I wanted, but did not have, an English version of Garcilaso’s canción To the Flower of Gnido. I wanted it for people like Stephen Bess, who has a poetic and artistic blog, and likes old texts, but does not read Spanish. I also wanted it out of mere curiosity, to see how such a translation might have been done.
I did not expect to find one but the Sonetero, in Mexico, directed me to a book by one Jeremiah Holmes Wiffen, The Works of Garcilasso de la Vega, Surnamed Prince of Castilian Poets (London, 1823) providing not only translations but a biography and a critical introduction.
This book is physically located in the library of Stanford University, but the wily Sonetero knew that it had been scanned into Google Scholar, where we can all read it. The poem I sought is on pages 305-308. The introduction is interesting, as Wiffen is concerned to bring greater attention to the astonishing, but neglected literature of Spain. His epigraph reminds us that Lord Byron did read people like Garcilaso and Boscán.
Here are the first three stanzas, in Wiffen’s translation. The Spanish original is far more lithe, but I am still impressed with this English version – especially of the amazing first strophe.
Had I the sweet resounding lyre
Whose voice could in a moment chain
The howling wind’s ungoverned ire,
And movement of the raging main,
On savage hills the leopard rein,
The lion’s fiery soul entrance,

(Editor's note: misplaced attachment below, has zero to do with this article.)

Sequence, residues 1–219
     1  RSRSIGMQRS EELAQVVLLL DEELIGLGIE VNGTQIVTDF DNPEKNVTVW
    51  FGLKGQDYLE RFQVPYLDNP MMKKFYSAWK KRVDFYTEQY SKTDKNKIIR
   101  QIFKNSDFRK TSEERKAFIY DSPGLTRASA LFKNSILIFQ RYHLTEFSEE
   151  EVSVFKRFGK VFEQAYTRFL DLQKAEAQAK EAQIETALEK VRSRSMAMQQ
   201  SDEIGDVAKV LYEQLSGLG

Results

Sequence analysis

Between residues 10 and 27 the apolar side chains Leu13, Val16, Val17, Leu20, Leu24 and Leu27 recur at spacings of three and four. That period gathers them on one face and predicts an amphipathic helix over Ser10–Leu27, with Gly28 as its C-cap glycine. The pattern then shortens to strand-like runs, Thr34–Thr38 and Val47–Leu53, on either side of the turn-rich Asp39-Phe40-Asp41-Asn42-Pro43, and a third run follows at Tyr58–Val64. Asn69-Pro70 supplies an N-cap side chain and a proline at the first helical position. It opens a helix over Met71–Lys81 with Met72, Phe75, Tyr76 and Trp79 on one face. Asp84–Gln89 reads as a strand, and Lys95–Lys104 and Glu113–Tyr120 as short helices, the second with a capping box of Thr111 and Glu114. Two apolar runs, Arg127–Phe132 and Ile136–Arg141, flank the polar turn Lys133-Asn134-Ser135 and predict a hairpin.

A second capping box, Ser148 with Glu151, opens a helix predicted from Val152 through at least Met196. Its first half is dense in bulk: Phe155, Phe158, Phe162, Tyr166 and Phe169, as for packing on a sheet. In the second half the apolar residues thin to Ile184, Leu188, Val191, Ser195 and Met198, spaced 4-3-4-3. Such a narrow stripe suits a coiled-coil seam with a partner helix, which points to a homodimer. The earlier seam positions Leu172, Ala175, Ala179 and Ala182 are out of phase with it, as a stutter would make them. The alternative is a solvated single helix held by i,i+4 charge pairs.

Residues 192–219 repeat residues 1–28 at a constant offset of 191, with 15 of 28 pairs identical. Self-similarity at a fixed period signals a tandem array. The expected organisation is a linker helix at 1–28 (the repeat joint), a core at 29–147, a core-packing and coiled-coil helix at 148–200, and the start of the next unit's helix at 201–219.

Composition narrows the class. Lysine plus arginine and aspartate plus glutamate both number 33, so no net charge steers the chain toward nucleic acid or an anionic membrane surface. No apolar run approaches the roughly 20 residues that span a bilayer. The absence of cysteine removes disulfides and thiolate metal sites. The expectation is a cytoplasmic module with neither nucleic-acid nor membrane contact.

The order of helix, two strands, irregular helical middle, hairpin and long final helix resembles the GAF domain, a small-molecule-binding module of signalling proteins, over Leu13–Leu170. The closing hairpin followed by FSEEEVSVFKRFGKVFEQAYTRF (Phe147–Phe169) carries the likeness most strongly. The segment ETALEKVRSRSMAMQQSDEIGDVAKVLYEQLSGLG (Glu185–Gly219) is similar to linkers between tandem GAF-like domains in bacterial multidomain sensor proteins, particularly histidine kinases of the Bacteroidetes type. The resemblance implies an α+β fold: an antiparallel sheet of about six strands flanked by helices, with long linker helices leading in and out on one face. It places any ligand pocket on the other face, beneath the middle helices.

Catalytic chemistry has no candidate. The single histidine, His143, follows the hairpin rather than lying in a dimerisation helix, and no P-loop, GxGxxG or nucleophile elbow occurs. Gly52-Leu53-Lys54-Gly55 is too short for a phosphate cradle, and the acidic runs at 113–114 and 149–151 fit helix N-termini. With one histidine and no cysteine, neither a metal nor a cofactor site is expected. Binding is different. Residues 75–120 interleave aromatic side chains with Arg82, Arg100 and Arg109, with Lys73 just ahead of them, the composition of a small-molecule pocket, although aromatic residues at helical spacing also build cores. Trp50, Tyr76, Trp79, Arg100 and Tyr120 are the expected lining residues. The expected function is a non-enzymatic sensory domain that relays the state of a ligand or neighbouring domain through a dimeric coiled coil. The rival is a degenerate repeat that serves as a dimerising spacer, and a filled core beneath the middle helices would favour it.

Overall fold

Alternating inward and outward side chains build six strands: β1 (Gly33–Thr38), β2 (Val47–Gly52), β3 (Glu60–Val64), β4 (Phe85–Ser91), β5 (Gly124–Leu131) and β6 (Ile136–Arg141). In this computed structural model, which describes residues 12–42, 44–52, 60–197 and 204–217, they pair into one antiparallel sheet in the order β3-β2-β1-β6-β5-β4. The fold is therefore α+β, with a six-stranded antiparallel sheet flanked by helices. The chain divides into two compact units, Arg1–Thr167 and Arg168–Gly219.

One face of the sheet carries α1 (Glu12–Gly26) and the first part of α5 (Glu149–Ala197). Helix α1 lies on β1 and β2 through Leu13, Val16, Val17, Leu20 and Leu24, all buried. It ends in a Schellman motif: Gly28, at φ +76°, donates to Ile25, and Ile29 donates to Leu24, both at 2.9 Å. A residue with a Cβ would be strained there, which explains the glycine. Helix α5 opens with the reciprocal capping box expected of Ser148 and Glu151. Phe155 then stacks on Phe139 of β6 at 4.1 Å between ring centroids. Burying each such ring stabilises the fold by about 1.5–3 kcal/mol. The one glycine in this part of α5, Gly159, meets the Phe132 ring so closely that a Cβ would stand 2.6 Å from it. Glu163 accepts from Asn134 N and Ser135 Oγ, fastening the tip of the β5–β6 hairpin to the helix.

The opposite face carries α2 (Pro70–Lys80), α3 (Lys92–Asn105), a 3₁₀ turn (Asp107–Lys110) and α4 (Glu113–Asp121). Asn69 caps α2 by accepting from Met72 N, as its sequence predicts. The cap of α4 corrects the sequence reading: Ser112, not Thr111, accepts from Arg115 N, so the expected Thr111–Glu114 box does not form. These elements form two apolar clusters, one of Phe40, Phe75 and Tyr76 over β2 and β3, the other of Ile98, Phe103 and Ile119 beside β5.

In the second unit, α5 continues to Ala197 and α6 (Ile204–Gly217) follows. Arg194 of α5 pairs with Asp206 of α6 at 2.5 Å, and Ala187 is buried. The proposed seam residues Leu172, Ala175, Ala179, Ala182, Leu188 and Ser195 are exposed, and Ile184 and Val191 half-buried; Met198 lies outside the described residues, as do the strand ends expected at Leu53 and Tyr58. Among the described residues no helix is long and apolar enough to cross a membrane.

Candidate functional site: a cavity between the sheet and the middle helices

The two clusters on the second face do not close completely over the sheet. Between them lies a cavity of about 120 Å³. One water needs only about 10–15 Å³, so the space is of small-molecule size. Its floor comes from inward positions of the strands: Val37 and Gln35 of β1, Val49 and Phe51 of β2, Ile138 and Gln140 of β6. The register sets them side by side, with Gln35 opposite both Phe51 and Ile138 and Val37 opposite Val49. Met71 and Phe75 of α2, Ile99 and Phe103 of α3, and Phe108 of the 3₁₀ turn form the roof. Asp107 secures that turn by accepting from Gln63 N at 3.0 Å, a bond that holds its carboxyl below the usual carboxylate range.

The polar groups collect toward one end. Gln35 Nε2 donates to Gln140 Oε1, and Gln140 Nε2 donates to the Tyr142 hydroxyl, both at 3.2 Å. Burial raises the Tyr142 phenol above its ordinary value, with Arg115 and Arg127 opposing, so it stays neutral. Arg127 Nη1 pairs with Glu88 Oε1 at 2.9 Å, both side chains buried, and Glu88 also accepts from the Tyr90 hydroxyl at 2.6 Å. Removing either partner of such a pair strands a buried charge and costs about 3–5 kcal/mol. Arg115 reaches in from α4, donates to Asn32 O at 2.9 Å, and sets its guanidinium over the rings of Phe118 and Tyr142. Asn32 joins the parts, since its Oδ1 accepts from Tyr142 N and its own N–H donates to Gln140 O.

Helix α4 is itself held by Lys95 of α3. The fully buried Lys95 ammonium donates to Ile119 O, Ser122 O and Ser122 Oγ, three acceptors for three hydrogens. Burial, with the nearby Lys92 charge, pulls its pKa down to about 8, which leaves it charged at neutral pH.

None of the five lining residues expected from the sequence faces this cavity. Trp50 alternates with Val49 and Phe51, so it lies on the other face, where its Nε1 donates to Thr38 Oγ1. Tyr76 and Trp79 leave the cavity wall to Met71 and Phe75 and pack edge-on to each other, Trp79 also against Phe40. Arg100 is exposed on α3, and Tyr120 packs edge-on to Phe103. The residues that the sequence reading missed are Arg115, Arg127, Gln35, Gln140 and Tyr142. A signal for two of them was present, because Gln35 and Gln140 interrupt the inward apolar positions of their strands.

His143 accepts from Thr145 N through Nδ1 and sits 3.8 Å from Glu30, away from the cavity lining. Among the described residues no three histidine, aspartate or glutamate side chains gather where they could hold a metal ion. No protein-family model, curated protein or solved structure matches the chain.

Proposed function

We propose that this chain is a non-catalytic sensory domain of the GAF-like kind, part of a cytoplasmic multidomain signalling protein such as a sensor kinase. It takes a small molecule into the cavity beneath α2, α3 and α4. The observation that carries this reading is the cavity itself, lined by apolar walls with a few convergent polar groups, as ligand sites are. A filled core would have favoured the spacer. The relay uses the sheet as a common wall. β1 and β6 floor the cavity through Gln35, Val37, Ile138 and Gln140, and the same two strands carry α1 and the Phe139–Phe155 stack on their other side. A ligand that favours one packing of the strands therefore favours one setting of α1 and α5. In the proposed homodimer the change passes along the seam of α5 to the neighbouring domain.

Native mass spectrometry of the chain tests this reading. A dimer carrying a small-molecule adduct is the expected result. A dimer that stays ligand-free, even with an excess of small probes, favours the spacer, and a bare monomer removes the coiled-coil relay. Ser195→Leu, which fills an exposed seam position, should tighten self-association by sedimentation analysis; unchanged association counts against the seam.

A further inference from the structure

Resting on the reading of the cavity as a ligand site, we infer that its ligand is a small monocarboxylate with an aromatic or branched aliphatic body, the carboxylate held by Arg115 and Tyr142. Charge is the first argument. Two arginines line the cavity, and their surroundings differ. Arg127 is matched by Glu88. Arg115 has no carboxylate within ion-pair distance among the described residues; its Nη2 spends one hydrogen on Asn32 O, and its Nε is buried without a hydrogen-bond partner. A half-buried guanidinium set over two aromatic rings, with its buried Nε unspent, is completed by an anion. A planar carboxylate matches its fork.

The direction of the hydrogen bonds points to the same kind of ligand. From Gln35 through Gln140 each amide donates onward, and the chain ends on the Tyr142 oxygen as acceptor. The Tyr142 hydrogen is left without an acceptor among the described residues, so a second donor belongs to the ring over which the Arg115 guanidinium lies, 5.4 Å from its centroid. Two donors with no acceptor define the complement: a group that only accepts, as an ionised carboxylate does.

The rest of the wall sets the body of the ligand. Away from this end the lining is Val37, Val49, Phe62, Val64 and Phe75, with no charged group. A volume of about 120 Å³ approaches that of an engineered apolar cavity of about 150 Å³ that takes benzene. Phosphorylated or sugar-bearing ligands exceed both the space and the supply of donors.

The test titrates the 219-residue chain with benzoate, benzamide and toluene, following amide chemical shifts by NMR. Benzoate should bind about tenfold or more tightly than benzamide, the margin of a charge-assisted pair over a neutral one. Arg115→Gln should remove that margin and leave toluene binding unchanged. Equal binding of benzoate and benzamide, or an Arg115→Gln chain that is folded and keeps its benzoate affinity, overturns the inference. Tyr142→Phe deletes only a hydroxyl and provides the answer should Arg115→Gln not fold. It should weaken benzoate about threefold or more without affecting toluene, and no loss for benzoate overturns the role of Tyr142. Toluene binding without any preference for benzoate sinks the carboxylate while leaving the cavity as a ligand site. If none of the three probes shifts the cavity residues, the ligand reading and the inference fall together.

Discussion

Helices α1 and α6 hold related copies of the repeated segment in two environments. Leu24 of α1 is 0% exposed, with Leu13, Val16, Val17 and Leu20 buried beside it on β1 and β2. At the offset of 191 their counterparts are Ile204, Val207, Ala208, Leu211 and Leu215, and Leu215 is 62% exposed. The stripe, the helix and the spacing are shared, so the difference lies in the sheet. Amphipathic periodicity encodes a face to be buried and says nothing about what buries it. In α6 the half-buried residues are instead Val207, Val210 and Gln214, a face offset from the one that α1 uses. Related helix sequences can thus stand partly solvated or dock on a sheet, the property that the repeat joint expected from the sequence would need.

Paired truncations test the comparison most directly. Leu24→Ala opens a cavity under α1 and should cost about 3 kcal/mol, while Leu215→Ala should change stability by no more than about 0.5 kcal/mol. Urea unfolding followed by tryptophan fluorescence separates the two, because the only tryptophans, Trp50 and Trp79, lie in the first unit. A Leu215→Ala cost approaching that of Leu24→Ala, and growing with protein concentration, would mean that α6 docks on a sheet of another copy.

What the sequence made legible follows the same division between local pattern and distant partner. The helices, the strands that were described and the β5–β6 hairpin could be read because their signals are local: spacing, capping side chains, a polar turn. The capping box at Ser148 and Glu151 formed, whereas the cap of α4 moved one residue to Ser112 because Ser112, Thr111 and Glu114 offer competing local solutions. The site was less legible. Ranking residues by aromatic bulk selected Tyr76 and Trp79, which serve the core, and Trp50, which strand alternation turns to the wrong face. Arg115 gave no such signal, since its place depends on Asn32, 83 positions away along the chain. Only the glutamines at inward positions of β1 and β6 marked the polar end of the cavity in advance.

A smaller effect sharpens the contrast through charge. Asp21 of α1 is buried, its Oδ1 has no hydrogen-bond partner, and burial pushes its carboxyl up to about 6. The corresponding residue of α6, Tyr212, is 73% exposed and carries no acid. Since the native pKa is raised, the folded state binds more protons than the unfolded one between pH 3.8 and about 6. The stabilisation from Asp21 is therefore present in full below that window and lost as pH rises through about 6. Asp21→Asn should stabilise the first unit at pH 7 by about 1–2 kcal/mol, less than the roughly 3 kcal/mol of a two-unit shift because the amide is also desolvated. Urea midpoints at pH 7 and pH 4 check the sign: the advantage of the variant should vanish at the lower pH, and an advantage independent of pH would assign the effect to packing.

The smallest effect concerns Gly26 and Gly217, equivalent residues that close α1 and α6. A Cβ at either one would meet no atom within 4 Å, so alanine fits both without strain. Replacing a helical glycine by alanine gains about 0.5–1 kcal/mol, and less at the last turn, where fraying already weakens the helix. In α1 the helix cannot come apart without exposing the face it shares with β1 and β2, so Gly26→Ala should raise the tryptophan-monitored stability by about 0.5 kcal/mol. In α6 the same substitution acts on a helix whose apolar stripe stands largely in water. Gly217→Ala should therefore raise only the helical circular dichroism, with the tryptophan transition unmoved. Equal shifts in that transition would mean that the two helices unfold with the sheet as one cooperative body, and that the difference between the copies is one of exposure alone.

And lead along with golden tones
The fascinated trees and stones
In voluntary dance;
Think not, think not, fair Flower of Gnide,
It e’er should glorify the scars,
Dust raised, blood shed, or laurels dyed
Beneath the gonfalon of Mars,
Or, borne sublime on festal cars,
The chiefs who to submission sank
The rebel German’s soul of soul
And forged the chains that now control
The frenzy of the Frank.
No, no! Its harmonies should ring
In vaunt of glories all thine own,
A discord sometimes from the string
Struck forth to make thy harshness known
The fingered chords should speak alone
Of Beauty’s triumph, Love’s alarms,
And one who, made by thy disdain
Pale as a lily clip’t in twain
Bewails thy fatal charms.
6 thoughts on “On Odes and Songs”
Re: the last post
Vanity is no doubt at work, but so is a window on the world. I think of my site as a little store front on a giant main street. In the window I place images I manipulate.
Hi Bob – the last post, or this one? Little store front on a giant main street, with a window, yes. But vanity? What about pure delight?
Rays of sunshine for the shut-ins like me. Chris Matthews seems to think it’s all twenty somethings, but there’s far more ole’ farts than people think.
Glad you liked the S.S. Bush, if you ever need a propaganda graphic let me know, I work for free.
Thank you so much for this translation! It is truly beautiful and very lyrical. I wish that I could read Spanish because I know that some of it is lost in translation. Thanks again!